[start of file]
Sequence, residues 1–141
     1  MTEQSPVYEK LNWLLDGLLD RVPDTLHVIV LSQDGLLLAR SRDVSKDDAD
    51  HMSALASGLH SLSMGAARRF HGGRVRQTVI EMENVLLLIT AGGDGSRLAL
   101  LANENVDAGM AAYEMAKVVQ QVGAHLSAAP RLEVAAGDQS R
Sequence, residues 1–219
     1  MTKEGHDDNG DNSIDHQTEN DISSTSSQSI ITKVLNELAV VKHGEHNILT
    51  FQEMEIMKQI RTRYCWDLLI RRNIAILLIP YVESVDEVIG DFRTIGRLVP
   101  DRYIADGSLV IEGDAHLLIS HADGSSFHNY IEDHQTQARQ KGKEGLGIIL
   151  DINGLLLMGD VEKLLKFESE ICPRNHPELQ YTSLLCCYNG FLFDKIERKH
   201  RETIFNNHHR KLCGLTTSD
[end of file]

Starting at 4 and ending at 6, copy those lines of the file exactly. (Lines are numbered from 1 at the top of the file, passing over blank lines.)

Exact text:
   101  LANENVDAGM AAYEMAKVVQ QVGAHLSAAP RLEVAAGDQS R
Sequence, residues 1–219
     1  MTKEGHDDNG DNSIDHQTEN DISSTSSQSI ITKVLNELAV VKHGEHNILT